Writing data

You write data to Quix using streams in your topic. The Quix SDK allows you to create new streams, append data to existing streams, organize streams in folders, and add context data to the streams.

All the necessary code to write data to your Quix Workspace is auto-generated when you create a project using the existing templates. In this section, we explain more in-depth how to write data using the Quix SDK.

The Quix Portal offers you easy-to-use, auto-generated examples for reading, writing, and processing data. These examples work directly with your workspace Topics. You can deploy these examples in our serverless environment with just a few clicks. For a quick test of the capabilities of the SDK, we recommend starting with those auto-generated examples.

Connect to Quix

In order to start writing data to Quix you need an instance of the Quix client, StreamingClient. This is the central point where you interact with the main SDK operations.

You can create an instance of StreamingClient using the proper constructor of the SDK and passing as parameters your Quix Broker server list and the SecurityOptions to access it.

  • Python

  • C#

security = SecurityOptions(CERTIFICATES_FOLDER, QUIX_USER, QUIX_PASSWORD)
client = StreamingClient('kafka-k1.quix.ai:9093,kafka-k2.quix.ai:9093,kafka-k3.quix.ai:9093', security)
var security = new SecurityOptions(CERTIFICATES_FOLDER, QUIX_USER, QUIX_PASSWORD);
var client = new Quix.Sdk.Streaming.StreamingClient("kafka-k1.quix.ai:9093,kafka-k2.quix.ai:9093,kafka-k3.quix.ai:9093", security);

You can find more information on how to connect to Quix and get your Broker list parameters and Security options in the Connect to Quix section.

Open a topic

Topics are the default environment for input/output real-time operations on Quix. Before you can write data to Quix using the SDK, you must have created a topic.

In order to access that topic for writing you need an instance of OutputTopic. You can create an instance of OutputTopic using the client’s open_output_topic method, passing the TOPIC_ID as a parameter. You can find a Topic’s ID on the platform.

  • Python

  • C#

output_topic = client.open_output_topic(TOPIC_ID)
var outputTopic = client.OpenOutputTopic(TOPIC_ID);

Create / Attach to a Stream

Streams are the central context of data in Quix. Streams make easy to manage, discover, and work with your data. They are key to good data governance in your organisation. Also, Streams are vital for parallelizing huge data loads with an infinite number of data sources.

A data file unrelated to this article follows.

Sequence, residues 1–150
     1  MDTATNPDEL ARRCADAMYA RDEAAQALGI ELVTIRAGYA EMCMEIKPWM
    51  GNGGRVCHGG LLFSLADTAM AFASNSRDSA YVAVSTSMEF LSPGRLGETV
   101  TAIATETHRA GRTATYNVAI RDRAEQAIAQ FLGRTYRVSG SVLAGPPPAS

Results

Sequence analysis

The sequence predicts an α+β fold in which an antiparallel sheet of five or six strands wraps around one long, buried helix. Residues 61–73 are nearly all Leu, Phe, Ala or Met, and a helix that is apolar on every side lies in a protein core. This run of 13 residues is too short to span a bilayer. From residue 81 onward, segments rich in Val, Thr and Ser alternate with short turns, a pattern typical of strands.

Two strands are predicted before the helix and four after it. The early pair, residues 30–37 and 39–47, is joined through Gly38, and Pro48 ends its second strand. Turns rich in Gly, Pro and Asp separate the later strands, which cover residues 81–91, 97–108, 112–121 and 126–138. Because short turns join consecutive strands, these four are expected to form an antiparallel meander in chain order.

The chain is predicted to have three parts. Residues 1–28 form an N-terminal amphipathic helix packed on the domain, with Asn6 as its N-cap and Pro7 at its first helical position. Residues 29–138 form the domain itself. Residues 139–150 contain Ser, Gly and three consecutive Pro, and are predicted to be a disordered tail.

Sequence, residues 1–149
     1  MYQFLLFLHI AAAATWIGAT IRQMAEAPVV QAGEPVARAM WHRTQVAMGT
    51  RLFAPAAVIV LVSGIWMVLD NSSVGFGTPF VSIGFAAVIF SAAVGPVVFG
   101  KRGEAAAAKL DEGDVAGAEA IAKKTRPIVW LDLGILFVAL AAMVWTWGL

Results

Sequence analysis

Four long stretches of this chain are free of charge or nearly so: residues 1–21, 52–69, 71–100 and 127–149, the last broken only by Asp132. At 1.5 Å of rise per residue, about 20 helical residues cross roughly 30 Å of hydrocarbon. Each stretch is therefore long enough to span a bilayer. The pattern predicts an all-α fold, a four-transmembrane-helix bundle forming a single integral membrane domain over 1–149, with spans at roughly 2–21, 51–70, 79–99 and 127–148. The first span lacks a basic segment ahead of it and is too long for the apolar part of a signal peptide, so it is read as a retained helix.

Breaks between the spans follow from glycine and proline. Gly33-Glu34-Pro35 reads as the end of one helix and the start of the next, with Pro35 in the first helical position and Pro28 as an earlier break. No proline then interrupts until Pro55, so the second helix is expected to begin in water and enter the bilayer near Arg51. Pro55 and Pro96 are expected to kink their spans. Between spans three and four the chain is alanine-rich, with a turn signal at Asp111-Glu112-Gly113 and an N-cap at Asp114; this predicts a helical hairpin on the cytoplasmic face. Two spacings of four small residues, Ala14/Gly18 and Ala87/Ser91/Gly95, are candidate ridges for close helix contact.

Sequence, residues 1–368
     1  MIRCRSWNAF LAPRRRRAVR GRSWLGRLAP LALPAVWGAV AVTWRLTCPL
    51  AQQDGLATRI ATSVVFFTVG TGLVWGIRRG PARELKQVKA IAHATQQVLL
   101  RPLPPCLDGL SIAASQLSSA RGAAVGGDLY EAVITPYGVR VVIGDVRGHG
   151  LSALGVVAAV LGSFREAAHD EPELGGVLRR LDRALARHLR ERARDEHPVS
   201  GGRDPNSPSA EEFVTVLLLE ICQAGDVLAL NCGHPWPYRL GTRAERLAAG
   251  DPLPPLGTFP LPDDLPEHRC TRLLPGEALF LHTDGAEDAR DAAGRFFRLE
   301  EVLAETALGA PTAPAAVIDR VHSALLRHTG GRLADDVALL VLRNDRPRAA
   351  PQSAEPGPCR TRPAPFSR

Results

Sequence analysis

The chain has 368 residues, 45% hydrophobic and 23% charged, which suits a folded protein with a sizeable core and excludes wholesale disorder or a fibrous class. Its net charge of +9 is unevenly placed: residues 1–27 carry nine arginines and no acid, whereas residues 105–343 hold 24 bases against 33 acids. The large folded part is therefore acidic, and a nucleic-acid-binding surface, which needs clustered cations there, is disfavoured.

You can create as many streams as you want using the create_stream method of your OutputTopic instance.

  • Python

  • C#

stream = output_topic.create_stream()
var stream = outputTopic.CreateStream();

A stream ID is auto-generated but you can also pass a StreamId to the method to append or update data of an existing stream.

  • Python

  • C#

stream = output_topic.create_stream("existing-stream-id")
var stream = outputTopic.CreateStream("existing-stream-id");

Stream Properties

As an option, you can add context to your streams by adding a name, some metadata, or a default location.

You can add this metadata to a stream using the Properties options of the generated stream instance.

  • Python

  • C#

stream.properties.name = "Hello World Python stream"
stream.properties.location = "/test/location"
stream.properties.metadata["meta"] = "is"
stream.properties.metadata["working"] = "well"
stream.Properties.Name = "Hello World C# stream";
stream.Properties.Location = "/test/location";
stream.Properties.Metadata["meta"] = "is";
stream.Properties.Metadata["working"] = "well";

Stream Name

The stream name is the display name of your stream in the platform. If you specify one, Quix will use it instead of the Stream Id to represent your stream inside the platform.

For example, the following name:

  • Python

  • C#

stream.properties.name = "Hello World my first stream"
stream.Properties.Name = "Hello World my first stream";

Would result in this visualization in the list of streams of your workspace:

hierarchy

Stream Location

The stream location property defines a default folder for the stream in the folder structure of your Persisted steams.

For example, the following location:

  • Python

  • C#

stream.properties.location = "/Game/Codemasters/F1-2019/{track}"
stream.Properties.Location = $"/Game/Codemasters/F1-2019/{track}"

Would result in this hierarchy:

hierarchy

Any streams sent without a location property will be located under the "Root" level by default.

Close a Stream

Streams can be left open 24/7 if you aren’t sure when the next data will arrive, but they can and should be closed when you know that you have all the data you need. They will also be closed automatically when your service stops.

However, sometimes a stream can be closed for other reasons e.g. if an error occurrs in the writer code or something unexpected happens.

These snippets show you how to close a stream and how to specify the StreamEndType.

  • Python

  • C#

stream.close()
stream.close(StreamEndType.Closed)
stream.close(StreamEndType.Aborted)
stream.close(StreamEndType.Terminated)
stream.Close();
stream.Close(StreamEndType.Closed);
stream.Close(StreamEndType.Aborted);
stream.Close(StreamEndType.Terminated);

The StreamEndType can be one of:

Table 1. Possible end types
StreamEndType Description

Closed

The stream was closed normally

Aborted

The stream was aborted by your code for your own reasons

Terminated